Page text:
On his first visit, he stayed with family friends in New Jersey, commuting every day to the Billie Jean King National Tennis Center. Every time he sees a sign for the Midtown Tunnel, his thoughts drift back to the innocence of that first trip in 2003.
Now he spends the week before the U.S. Open at a hotel in Manhattan, soaking in the energy of the city, before moving with his wife and young children to a friend’s estate in Alpine, N.J. There, he switches into “lockdown mode” and finds peace and serenity among the trees and nature, especially on the days between matches, when he will often practice with hitting partners there rather than trekking to Queens.
There is another advantage to that locale. Djokovic has heard plenty of stories in the locker room of players who have fallen victim to the pull of the New York night. Some of them involve his peers, and he may have even accompanied them to a club or two in an earlier life.
“I was lucky early on to have people around me that kept me at bay,” he said. “But I did have freedom to explore and go around. Let’s say that I did get to know New York at night as well.”
That will not happen this year, not with the memory of the loss to Alcaraz so fresh in his mind and the young Spaniard presenting a challenge equal to Djokovic’s greatest duels with Federer, Nadal and Andy Murray in his prime. After that Wimbledon loss, Djokovic put his rackets away for two weeks and headed for Croatia and Montenegro to vacation with his family in the mountains and the waters he knows so well. He pulled out of the National Bank Open in Toronto, citing fatigue.
The tennis schedule does not indulge regret and hindsight, though, and quickly it was time to begin preparing for the next quest, the tournaments that often unfold in the sweltering, late-summer humidity of Cincinnati and New York. He trained in the hottest times of European summer days. Then he did two more “big heat” workouts when he arrived in Cincinnati for the Western & Southern Open.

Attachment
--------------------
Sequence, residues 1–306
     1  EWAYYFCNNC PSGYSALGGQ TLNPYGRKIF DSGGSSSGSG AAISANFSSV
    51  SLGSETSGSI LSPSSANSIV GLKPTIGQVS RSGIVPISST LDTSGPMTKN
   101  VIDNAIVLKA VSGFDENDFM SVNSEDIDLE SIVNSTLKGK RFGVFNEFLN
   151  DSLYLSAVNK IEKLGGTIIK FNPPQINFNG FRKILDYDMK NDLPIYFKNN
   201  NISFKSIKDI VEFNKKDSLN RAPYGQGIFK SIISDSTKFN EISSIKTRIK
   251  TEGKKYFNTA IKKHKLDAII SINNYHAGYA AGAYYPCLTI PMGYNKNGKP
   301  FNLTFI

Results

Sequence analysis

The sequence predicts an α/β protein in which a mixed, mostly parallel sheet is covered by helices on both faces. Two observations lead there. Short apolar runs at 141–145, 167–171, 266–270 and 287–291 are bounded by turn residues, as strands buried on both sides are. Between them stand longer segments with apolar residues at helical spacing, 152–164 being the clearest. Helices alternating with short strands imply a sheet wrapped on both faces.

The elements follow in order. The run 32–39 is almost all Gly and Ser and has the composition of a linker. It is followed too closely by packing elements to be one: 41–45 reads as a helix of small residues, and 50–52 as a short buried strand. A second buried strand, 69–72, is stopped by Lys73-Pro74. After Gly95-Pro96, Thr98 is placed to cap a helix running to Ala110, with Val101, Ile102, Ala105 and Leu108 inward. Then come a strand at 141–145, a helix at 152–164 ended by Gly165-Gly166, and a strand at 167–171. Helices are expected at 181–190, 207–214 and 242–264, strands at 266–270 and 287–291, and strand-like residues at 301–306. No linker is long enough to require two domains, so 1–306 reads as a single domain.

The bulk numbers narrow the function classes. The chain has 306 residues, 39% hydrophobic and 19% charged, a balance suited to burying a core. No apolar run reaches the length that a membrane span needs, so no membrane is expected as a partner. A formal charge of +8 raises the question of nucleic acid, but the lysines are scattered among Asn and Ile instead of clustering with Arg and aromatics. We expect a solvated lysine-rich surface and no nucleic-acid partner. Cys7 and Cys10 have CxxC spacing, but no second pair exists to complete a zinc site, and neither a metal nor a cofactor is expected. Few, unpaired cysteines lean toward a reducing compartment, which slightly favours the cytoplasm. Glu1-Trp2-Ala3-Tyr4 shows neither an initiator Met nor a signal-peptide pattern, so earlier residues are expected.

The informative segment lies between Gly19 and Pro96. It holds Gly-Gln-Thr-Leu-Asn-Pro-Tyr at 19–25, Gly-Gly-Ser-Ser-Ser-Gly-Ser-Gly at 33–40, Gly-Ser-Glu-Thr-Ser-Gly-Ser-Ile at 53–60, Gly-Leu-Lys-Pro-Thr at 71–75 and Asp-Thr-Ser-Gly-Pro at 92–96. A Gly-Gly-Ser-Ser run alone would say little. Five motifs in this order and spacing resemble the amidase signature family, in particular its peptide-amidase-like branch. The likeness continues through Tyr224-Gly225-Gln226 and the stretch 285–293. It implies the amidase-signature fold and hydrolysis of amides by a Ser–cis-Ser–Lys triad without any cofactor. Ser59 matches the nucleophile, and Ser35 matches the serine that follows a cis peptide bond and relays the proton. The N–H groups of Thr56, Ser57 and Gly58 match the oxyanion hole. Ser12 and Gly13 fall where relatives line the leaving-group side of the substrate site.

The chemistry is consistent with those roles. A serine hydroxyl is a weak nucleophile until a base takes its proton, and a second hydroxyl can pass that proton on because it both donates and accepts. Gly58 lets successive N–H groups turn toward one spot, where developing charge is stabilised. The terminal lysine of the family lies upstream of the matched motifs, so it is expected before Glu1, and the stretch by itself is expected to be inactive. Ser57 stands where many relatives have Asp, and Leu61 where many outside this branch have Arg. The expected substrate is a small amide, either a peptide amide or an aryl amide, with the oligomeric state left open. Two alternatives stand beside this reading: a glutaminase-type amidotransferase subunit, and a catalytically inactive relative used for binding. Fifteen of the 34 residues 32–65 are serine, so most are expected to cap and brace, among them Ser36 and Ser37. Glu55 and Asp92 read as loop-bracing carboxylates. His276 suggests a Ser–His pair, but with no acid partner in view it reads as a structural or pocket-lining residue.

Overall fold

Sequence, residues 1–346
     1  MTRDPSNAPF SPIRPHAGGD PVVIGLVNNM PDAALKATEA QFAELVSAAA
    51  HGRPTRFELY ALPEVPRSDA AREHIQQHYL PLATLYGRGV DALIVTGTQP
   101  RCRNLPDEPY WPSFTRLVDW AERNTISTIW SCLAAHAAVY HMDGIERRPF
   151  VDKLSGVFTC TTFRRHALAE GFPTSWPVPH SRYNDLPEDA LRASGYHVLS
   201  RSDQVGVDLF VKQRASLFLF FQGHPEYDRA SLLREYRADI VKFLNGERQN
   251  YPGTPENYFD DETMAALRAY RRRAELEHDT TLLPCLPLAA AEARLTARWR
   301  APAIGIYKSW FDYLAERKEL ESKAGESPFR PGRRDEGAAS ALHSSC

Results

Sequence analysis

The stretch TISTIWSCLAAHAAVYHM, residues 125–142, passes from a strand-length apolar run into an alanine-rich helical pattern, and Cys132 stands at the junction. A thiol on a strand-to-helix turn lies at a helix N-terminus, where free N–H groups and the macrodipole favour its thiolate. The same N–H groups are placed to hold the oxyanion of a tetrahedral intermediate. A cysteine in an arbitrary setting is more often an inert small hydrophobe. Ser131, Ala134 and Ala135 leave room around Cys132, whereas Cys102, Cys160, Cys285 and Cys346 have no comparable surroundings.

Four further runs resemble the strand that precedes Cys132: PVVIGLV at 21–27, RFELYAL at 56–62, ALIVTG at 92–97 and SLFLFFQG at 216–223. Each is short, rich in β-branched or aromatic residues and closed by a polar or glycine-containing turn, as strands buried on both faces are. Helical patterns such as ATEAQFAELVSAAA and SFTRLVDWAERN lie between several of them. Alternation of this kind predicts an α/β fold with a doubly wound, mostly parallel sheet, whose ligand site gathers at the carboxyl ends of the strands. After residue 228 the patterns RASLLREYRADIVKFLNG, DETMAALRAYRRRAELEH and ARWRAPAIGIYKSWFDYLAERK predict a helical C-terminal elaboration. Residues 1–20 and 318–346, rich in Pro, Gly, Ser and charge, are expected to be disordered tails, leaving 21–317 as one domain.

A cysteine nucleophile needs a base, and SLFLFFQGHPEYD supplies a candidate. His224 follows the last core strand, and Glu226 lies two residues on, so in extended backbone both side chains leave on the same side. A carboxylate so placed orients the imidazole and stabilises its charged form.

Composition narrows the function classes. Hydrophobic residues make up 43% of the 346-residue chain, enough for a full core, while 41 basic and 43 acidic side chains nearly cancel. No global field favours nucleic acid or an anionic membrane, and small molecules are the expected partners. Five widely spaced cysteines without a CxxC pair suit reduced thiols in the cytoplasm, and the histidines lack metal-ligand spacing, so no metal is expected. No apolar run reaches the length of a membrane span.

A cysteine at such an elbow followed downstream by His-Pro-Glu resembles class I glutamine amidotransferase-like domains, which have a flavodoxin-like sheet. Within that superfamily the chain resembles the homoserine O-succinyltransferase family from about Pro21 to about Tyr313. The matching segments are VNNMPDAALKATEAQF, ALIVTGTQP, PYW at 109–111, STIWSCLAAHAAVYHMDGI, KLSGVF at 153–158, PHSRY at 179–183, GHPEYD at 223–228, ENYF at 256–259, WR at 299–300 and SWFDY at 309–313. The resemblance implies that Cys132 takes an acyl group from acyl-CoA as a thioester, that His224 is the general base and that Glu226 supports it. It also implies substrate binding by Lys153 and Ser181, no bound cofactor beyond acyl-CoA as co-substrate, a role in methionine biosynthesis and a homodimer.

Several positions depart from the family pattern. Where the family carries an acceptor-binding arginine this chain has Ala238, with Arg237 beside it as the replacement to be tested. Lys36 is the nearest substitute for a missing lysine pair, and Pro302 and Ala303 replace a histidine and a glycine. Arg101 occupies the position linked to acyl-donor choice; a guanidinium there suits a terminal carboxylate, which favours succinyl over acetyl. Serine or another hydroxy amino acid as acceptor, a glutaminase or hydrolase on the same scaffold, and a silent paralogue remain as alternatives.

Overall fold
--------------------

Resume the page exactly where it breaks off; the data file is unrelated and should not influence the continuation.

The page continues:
Good thing. Last Sunday’s final against Alcaraz was an enthralling, three-set slugfest that Djokovic won in a deciding-set tiebreaker that lasted nearly four hours and pushed him to the edge of heat stroke. Alcaraz cramped in the climactic moments. Djokovic called it one of the toughest mental and physical challenges of his career.
A grueling test like that wasn’t really a part of his U.S. Open prep plan, but the intent was to win the tournament. It always is.
“How you win and how long does it take, that’s something that’s unpredictable,” he said. “Better this way than losing a match like that, that’s for sure.”
Or, love and dreamy moment aside, the one that happened in New York the last time around. This year, he hopes, another kind of dream awaits.
Matthew Futterman is a veteran sports journalist and the author of two books, “Running to the Edge: A Band of Misfits and the Guru Who Unlocked the Secrets of Speed” and “Players: How Sports Became a Business.” More about Matthew Futterman